Intensive Leadership Training for Ruth Institute's “Ambassadors”
A new feature of the conference this year was the Ambassador's Training Program. That program, which was offered by invitation only, included presentations on Understanding the Global Sexual Revolution: Christian Anthropology, History and Social Systems, presented by Dr. Jennifer Roback Morse; Medical Tragedies of the Sexual Revolution, a review of traditional Christian sexuality morality, as presented by Michelle Cretella, M.D.; Social Science Evidence, including issues such as post-abortion trauma, same-sex parenting, and children's needs for their parents, presented by Fr. Paul Sullins; and Human Rights Catastrophes of the Sexual Revolution (including population control and demographic winter), presented by Don Feder, a journalist and communications director for the World Congress of Families.
If you were unable to participate in the conference either online or in person, Dr. Morse reassured the Register that recordings from the Summit will be
available online in the near future. You can learn more about those recordings and about the Ruth Institute's other resources at the website, ruthinstitute.org.
Posted on: Tuesday, July 21, 2020
The Ruth Institute’s 2020 Summit for Survivors of the Sexual Revolution (July 17-18) overcame last-minute challenges to emerge as an historic contribution to the cause of educating the public about the millions of lives damaged by the Sexual Revolution.
“Despite new restrictions on public gatherings in Louisiana, announced by our governor only the week before the event, our 2020 Summit was more successful than we could have hoped,” said Ruth Institute President Dr. Jennifer Roback Morse, Ph.D.
Morse explained that the Summit was a hybrid event, with in-person participation in Lake Charles, Louisiana, and online involvement. “None of the evils we confronted – pornography, sexual abuse, gender confusion, coercive population control and dramatically falling fertility – are going to call a time-out for a pandemic,” Morse observed.
The Summit included an Ambassador’s Program (intensive leadership training, by invitation only), an Awards Banquet and the Summit itself. Sessions included Surviving Childhood Sexual Abuse -- Surviving Pornography -- Surviving the LGBT Sub-Culture -- and Reporting from the Trenches on the Transgender Movement.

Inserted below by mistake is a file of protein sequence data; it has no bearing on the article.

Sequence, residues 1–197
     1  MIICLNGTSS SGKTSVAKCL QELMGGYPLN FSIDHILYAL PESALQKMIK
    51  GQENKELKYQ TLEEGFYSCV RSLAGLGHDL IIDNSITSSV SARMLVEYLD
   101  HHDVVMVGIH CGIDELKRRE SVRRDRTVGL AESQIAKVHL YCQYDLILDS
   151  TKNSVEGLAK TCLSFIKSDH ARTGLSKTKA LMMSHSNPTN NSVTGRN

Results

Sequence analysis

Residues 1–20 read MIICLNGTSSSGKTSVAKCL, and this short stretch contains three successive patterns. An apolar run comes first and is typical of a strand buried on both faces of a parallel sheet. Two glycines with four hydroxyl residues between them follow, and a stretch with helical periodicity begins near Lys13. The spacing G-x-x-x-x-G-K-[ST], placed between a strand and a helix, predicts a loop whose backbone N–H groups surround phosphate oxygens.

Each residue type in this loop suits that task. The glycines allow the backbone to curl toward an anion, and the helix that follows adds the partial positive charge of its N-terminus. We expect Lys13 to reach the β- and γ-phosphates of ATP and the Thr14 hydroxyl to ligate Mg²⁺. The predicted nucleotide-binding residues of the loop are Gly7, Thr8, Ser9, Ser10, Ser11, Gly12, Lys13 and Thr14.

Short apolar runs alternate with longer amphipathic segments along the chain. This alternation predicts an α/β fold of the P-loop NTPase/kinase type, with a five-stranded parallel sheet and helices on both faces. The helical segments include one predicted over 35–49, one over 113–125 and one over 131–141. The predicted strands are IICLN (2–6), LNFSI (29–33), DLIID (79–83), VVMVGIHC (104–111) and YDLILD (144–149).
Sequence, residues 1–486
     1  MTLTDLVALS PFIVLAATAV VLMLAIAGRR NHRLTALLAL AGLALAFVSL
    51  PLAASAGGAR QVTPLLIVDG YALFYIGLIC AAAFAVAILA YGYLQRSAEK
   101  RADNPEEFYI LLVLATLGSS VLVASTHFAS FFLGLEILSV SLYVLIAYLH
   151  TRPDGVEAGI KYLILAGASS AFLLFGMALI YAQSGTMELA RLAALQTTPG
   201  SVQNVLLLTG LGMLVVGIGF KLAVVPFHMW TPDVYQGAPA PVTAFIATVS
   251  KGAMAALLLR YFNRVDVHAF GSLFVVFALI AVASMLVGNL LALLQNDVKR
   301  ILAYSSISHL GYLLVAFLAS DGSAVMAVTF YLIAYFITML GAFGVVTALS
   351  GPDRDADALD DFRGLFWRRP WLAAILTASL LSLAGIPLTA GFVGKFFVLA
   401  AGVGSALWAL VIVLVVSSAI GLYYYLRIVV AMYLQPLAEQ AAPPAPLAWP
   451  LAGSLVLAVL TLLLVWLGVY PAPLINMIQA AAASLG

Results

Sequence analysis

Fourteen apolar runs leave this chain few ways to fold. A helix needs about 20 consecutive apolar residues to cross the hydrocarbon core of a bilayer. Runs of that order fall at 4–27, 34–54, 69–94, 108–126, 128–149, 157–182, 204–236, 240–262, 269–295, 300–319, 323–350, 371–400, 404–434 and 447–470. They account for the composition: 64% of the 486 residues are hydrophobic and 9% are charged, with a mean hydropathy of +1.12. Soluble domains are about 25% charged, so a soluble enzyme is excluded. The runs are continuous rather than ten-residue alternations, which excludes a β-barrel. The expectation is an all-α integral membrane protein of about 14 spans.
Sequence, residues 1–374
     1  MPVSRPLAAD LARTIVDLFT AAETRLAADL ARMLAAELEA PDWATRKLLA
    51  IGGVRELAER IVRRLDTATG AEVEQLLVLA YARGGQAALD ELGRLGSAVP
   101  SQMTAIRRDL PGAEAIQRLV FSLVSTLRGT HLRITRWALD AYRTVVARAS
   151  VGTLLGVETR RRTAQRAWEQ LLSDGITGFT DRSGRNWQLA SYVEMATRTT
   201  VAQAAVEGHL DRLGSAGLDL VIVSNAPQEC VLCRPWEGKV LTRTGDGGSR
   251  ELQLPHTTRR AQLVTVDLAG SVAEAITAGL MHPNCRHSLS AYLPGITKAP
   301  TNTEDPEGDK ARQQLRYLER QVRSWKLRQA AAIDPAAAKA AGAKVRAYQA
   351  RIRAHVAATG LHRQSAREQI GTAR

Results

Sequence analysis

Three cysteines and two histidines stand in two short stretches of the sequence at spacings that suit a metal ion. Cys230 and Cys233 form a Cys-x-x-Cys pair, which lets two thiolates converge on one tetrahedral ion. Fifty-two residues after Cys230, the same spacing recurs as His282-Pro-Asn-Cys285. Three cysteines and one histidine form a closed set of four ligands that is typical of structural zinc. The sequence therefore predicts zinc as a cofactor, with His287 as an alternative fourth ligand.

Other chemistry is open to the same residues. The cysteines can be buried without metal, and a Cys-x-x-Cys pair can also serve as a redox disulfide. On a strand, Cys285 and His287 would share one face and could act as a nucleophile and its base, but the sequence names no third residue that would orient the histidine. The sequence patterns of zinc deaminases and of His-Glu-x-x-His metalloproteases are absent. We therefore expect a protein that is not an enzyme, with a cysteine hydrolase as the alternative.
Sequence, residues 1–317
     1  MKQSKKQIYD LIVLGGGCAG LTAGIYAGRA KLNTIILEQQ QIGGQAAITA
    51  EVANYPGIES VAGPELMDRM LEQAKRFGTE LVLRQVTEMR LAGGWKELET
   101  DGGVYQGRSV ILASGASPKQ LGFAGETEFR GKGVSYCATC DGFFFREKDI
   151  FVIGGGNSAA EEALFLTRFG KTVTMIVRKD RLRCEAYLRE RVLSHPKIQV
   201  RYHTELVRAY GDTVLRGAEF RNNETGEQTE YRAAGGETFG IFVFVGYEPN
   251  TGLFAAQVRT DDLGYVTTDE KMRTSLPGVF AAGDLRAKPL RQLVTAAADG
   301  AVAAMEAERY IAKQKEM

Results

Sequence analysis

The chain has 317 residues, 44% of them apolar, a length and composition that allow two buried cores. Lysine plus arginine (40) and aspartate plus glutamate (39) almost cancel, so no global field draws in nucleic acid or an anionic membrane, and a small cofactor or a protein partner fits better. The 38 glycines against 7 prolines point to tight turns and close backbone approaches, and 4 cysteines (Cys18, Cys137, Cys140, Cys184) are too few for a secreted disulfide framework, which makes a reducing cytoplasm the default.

Among the topics covered in the Ambassador’s training program were: Understanding the Global Sexual Revolution – Medical Tragedies of the Sexual Revolution – Social Science Evidence About the Sexual Revolution – and Human Rights Catastrophes of the Sexual Revolution: Population Control and Demographic Winter.
The speakers and panelists included experts as well as those offering personal testimony, among them: Dr. Michelle Cretella (Executive Director, American College of Pediatricians), Fr. Paul Sullins, Ph.D. (former Professor of Sociology at Catholic University of America and Senior Research Associate at the Ruth Institute), Dr. Paul Church (former Assistant Professor of Surgery at the Harvard Medical School), Sue Ellen Browder (a journalist and author of Subverted: How I Helped the Sexual Revolution Hijack the Women’s Movement), Luis Ruiz (a survivor of the Pulse Nightclub shootings who subsequently left the LGBT lifestyle), Faith Hakesley (a victim of rape by a Catholic priest who met with Pope Emeritus Benedict XVI), Brandon Showalter (a journalist who has written extensively on the trans movement), Melea Stephens (a family therapist and board member of the National Center on Sexual Exploitation) and Attorney Cathy Cleaver Ruse (formerly Pro-Life Spokesman of the U.S. Conference of Catholic Bishops now Senior Fellow for Legal Studies at the Family Research Council).
Morse summed up the importance of having a live event during the time of COVID: “The relationships and friendships formed were invaluable. Although we were delighted to offer online participation to those who weren’t able to join us in person, including some of our speakers, there are distinct advantages that come from being physically present in a conference room with leaders and activists who are working on the same issues and share your perspective.”
“They need and deserve to have their values defended with research, analysis and personal anecdotes,” Morse said, “and we were grateful to be in a position to do just that.”
Recordings from the summit will be available on-line in the not too distant future.
Posted on: Tuesday, July 21, 2020
by Clare Walker
Excerpt from an article published July 17, 2020 at NCRegister.com.